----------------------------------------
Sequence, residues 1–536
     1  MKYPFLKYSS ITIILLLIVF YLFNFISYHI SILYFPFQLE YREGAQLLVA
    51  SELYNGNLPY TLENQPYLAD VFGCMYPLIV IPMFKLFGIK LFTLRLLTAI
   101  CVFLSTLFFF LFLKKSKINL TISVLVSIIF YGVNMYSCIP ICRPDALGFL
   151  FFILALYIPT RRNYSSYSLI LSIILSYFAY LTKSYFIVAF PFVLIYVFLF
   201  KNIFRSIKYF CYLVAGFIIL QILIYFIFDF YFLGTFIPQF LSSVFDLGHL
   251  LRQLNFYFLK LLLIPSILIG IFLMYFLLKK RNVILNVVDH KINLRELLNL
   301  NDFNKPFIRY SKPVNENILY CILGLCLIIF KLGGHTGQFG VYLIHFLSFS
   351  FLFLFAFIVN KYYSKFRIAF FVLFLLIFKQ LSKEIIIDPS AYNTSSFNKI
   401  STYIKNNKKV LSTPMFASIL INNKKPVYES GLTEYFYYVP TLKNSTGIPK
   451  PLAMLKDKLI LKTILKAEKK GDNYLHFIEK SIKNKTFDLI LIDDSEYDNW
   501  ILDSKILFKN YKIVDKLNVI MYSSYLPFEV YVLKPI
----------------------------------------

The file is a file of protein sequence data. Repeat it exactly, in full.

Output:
Sequence, residues 1–536
     1  MKYPFLKYSS ITIILLLIVF YLFNFISYHI SILYFPFQLE YREGAQLLVA
    51  SELYNGNLPY TLENQPYLAD VFGCMYPLIV IPMFKLFGIK LFTLRLLTAI
   101  CVFLSTLFFF LFLKKSKINL TISVLVSIIF YGVNMYSCIP ICRPDALGFL
   151  FFILALYIPT RRNYSSYSLI LSIILSYFAY LTKSYFIVAF PFVLIYVFLF
   201  KNIFRSIKYF CYLVAGFIIL QILIYFIFDF YFLGTFIPQF LSSVFDLGHL
   251  LRQLNFYFLK LLLIPSILIG IFLMYFLLKK RNVILNVVDH KINLRELLNL
   301  NDFNKPFIRY SKPVNENILY CILGLCLIIF KLGGHTGQFG VYLIHFLSFS
   351  FLFLFAFIVN KYYSKFRIAF FVLFLLIFKQ LSKEIIIDPS AYNTSSFNKI
   401  STYIKNNKKV LSTPMFASIL INNKKPVYES GLTEYFYYVP TLKNSTGIPK
   451  PLAMLKDKLI LKTILKAEKK GDNYLHFIEK SIKNKTFDLI LIDDSEYDNW
   501  ILDSKILFKN YKIVDKLNVI MYSSYLPFEV YVLKPI